The Story Arc of Gluecon

By April 18, 2009glue conference

If you talk to me long enough, you’ll hear me use the words “story arc” with regards to a conference. As if, somehow I’m “writing” actors into a drama that has an underlying tension, an arc and a resolution. Of course, that’s not the case. In truth, though, I do spend a considerable amount of time thinking through “the story” that we’re telling at a conference. By that I mean, I look at what sessions are where, get a sense of the topic spread, and try to arrange things where — as people walk through the story, there’s some sense of cohesion at the end. Silly, right?

Let’s take a look at Glue.

The earliest beginnings of the Glue story start in the prequel — Defrag.  I had been reading Brad’s blog, and saw him writing about a theme he was calling (at the time) “intelligence amplification.” A couple of conversations later, Defrag was born — where the premise of Defrag was that the fragmentation of data online was creating a need for tools that helped individuals and groups accelerate the process of insight (hence, Defrag’s tagline — “accelerating the ‘aha’ moment”).

Fast forward: After a successful initial Defrag event, I kind of looked at Brad and said, “what else are you smart guys thinking about?” He came back with this idea of “glue” — roughly, the idea that there were going to develop all of these different kinds of tools/services that sought to “glue together” things happening between web applications. I immediately flashed to the enterprise application integration problem of the late 90’s/early 00’s, and we began brainstorming (publicly) ideas around what constituted “glue.”  We knew it would deal with web platforms, but what I don’t think either of us really knew then (or even know now) was the sheer size of it all. [note: maybe Brad and Seth did, but I certainly wasn’t aware.]

With that context, take a gander at the agenda.

The story begins with a point of tension; what is seen by many as a brand new “stovepipe” — Facebook. Facebook serves to open the discussion because it brings into contrast a lot of the big threads: Is it open or closed? How does integration occur? Where does identity fit? What about transferring context from Facebook to other “applications?” Can I build on this platform, or do I lock myself in? The session itself will have Facebook providing their answers, but the real “push” from it should be a whole lotta questions (hat tip to Zeppelin).

From that high ground, the story begins to draw out the “characters” in our little drama: web oriented architecture, identity, data portability and services, platforms, etc. And we do it rapidly — you’re not going to “know” the “characters” — you’re just going to meet them. And then we pause (any good story has a nice set-up pause after the opening scenes), and ask “what are we missing?” That’s where you come in.

After a break for discussion, we bring in another component of the big themes – social glue for business processes and data. And then we’re off the races — breakouts.

The breakouts are meant to begin answering questions (or, even better, begin forming new and more in-depth questions) – and there’s plenty to choose from. Your individual path through the story could have you exploring data portability, or OAuth, or cloud infrastructure, or platforms, or XMPP — but, as with all good interactive (ie, non-linear) stories – you must make choices. Those choices bring different questions your way.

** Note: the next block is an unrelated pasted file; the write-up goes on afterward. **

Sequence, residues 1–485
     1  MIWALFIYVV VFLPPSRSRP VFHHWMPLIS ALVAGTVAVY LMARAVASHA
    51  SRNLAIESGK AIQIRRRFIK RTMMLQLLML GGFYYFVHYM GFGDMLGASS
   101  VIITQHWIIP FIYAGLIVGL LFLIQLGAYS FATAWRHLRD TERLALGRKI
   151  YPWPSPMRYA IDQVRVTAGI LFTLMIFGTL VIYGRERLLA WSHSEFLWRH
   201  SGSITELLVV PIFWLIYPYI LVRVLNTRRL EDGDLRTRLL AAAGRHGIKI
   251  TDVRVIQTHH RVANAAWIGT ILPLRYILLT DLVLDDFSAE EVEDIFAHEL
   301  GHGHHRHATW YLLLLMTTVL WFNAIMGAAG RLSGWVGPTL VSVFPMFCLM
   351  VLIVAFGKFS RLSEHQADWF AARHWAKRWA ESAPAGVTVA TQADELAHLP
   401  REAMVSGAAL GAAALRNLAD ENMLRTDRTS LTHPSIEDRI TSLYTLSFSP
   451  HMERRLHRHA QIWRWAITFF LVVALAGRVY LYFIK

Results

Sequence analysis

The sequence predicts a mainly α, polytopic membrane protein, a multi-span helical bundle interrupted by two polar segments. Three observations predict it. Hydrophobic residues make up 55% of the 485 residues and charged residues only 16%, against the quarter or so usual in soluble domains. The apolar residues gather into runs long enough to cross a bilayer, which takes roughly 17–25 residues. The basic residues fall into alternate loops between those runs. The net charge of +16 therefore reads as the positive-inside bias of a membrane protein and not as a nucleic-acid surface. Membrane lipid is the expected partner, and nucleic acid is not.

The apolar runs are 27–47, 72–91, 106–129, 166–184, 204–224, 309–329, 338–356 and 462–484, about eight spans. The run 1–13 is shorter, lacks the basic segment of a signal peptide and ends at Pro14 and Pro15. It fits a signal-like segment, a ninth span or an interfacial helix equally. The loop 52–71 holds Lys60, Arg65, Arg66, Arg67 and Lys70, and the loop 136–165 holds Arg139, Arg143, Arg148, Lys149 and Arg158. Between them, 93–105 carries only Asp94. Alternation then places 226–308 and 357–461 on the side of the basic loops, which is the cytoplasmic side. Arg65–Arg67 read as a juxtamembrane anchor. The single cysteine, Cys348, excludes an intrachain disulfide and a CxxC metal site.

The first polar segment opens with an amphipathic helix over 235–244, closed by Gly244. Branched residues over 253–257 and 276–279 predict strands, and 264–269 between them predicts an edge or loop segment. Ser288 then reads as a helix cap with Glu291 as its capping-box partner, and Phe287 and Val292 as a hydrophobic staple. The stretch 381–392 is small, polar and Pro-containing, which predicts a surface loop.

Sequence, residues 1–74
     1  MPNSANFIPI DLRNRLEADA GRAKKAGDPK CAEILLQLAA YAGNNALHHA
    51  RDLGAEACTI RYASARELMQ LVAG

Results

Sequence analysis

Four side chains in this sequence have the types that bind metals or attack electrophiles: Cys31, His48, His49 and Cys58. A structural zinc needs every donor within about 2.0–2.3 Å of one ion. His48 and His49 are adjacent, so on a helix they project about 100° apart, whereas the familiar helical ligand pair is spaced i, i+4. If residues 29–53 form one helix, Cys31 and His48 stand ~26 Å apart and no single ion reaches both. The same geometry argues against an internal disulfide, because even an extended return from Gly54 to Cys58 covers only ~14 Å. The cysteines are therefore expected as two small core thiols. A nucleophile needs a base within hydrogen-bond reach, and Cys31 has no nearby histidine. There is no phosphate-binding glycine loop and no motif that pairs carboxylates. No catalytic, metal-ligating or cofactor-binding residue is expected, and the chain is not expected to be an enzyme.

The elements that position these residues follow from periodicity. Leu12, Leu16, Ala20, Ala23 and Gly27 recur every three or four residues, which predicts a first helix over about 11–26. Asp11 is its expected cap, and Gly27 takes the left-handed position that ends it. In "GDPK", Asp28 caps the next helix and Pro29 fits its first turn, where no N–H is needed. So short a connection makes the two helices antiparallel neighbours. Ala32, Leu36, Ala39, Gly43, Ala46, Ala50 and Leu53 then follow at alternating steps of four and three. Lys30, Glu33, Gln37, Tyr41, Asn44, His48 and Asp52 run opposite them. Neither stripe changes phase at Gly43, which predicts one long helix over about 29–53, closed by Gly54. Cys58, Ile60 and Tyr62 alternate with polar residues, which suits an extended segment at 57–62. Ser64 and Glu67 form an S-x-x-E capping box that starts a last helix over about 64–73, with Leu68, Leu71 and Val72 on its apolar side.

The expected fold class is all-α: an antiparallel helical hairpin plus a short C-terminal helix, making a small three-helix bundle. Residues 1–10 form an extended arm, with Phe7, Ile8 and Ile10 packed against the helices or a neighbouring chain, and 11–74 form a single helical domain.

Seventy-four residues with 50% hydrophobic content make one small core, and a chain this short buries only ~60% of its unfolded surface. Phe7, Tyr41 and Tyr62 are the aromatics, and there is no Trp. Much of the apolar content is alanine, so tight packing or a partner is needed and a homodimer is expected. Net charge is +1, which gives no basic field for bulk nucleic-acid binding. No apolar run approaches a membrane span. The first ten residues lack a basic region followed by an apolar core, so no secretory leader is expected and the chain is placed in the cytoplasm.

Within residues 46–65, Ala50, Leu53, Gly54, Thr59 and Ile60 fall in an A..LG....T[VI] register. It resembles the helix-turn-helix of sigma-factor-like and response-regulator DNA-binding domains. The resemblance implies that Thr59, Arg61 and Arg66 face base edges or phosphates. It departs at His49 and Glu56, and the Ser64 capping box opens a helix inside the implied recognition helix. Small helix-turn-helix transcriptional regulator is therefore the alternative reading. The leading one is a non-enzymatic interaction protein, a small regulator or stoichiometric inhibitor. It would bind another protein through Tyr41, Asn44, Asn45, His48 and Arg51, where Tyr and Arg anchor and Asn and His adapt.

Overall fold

At the end of day 1, the story comes to it’s midpoint, as we talk about one of the big “archetypal” themes: how to harness the cloud. And then we get intermission — where intermission is the chance to catch your breath, have a laugh, dive in more deeply, and get some sleep.

Day 2 begins, and you’d think you’ll be thrust right back into the plot, but we’re not done introducing big themes. Mitch Kapor will look out past the current confines of the story; to remind you that what we talk about in this story isn’t the story itself. And Phil Wainewright will give you a larger sense of the themes (a reset for the day, if you will). Then it’s back in the mix.

The breakouts on day 2 are even more varied, with new technologies, ideas and protocols: cloud databases, web hooks, event processing across web apps, context aware services, social networking, XRDS, etc. Yep, we’re building tension.

We coalesce again around the leveraging of APIs, dive more deeply into cloud infrastructure, hit on identity one more time, and close with a high-level discussion of what kinds of platforms open up innovation (versus closing it down).

As with any good story, there will be a sequel. After all, we haven’t really resolved anything –we’ve just fostered some emotional and intellectual attachment to the characters involved. And, most importantly, we’ve found out that the truly critical characters in the story are the participants at the conference (i.e., you).

One important thing to note about a new “story” like Glue: With Defrag, you’ll see that after two years, I can pretty succinctly tell you what our overall theme is (“the fragmentation of data online is creating a need for tools that helped individuals and groups accelerate the process of insight”), while I can’t do that with Glue. That’s the beauty of coming to a new conference when it’s young, and growing up with it. You get to build out that theme with everyone else there. Three years from now, I’ll sum up Glue in a sentence, and we’ll all nod and say, “yep, that was obvious.” But it wasn’t. Nothing was obvious until we gathered, argued, pushed, pulled, laughed and collectively wrote a story.

And if you don’t come, the story gets written without you.

Ahhhh…..I love the smell of Gluecon in the morning. 😉